You misspell the name of the bar La Octava as "La Octavia" several times. I went there a few times and found it pretty unremarkable. It seemed like your standard Lleras sit-down bar with maybe a higher proportion of guys.
Tough review, but appreciated.

A lot of the Spanish errors were corrected for the current version.

My next Bang guide (Iceland) improves on the organization issue.
What's this about a free ebook?
Bang Colombia was free for the first month. I asked for donations instead. Now I ask for cold hard cash ($10).
Here are my comments from reading Bang Colombia, as someone who spends many months per year living in the country.

I'll split this up into two posts. First is about logistics, details and improving the Spanish phrases for better communication.

The second post will be further ideas for building the right emotional state. Also insights about the culture and what makes the women tick.

The book talks about gringo hordes in Medellin. They're really only concentrated in 10% of the city. The rest of Medellin, you'd hardly ever see one. It's true that there are lots of hostels in Medellin with lots of travelers. They spend most of their waking hours drinking beer on the patio and chatting about travel, doing drugs in the room and watching DVD's around the hostel.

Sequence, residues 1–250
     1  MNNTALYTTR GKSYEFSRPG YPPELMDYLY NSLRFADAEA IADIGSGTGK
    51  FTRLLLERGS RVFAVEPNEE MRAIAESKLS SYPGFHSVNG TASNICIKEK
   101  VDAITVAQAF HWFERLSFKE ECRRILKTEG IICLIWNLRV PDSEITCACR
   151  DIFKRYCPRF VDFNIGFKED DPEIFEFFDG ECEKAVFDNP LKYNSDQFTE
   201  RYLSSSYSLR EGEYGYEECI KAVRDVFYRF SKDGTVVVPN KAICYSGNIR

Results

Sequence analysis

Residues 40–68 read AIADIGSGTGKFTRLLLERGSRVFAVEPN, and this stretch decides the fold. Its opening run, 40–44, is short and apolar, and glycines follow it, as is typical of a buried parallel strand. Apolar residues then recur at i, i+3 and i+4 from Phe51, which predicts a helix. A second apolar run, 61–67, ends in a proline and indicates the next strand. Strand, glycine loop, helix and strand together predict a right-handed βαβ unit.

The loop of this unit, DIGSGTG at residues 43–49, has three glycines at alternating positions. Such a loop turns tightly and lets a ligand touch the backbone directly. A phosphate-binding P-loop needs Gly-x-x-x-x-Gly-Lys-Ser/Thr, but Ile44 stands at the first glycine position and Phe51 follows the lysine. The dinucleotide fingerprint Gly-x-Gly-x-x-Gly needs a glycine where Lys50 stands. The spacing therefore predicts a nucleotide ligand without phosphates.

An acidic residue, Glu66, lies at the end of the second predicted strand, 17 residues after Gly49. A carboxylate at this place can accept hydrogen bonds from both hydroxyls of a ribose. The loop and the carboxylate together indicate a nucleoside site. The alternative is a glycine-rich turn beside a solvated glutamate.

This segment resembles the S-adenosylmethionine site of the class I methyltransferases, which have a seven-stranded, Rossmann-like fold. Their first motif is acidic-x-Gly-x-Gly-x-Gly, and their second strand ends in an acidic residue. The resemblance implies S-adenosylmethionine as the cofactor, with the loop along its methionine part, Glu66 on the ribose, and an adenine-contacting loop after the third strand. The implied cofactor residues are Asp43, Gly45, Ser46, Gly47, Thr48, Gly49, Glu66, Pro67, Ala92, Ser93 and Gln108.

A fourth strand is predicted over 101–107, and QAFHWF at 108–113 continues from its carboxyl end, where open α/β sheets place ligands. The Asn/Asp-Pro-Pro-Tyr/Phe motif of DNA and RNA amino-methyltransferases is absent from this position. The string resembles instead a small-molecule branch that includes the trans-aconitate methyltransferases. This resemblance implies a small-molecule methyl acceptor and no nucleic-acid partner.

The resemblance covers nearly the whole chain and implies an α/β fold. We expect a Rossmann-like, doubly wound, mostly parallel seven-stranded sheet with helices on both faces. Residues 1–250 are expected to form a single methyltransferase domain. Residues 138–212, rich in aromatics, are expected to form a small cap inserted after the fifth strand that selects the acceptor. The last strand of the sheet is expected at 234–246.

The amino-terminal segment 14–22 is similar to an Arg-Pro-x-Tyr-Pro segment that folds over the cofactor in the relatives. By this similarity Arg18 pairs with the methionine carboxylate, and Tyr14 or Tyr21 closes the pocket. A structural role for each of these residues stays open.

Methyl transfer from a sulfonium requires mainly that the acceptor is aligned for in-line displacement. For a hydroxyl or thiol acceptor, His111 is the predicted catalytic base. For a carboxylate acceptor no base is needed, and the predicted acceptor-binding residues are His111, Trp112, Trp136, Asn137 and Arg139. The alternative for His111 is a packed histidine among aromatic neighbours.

To never see a gringo in Medellin, just do the following:
Avoid Blue and Babylon at any time
Avoid Eslabon Prendido on a Tuesday and Bendito Seas on a Thursday
Stay away from Oviedo mall, Parque Lleras and the walk downhill to the Poblado metro station.

I really enjoyed Roosh's Medellin Diaries. I did shake my head while reading it because the venues he was initially going to were all heavily on the backpacker circuit. There are plenty of other options in the city.

On the choice between Bogota vs Medellin and Cali. Choose Bogota if you like the pace of big cities. Choose Medellin or Cali if you like something more provincial. Even the area in the city you decide to stay in will affect how you feel about the place. Pick to suit your style.

Venues in Cali. Don't bother with Avenida Sexta. It's decades out of fashion and is one of the least interesting parts of the city. Malls are an option for early evening. They have bar zones. Casual people traffic is much better than what you'd find along La Sexta.

Spanish phrases

"Quieres tomar algo otra vez?" means Do you want to drink something again (right now)?

Instead, use
"Quieres tomar algo en otro momento?" or
"Quieres tomar algo en otra ocasion?"

"Tienda de animales" is not widely used in Colombia.

Use "tienda de mascotas", which is the name for a pet shop.

"...una pregunta de español" is confusing

Use "...una pregunta sobre el español"

The line about music "es popular por aqui?". To Colombians, the word popular means downmarket or ghetto. They would interpret that question as asking whether this venue is ghetto.

Use "es muy escuchada aqui?"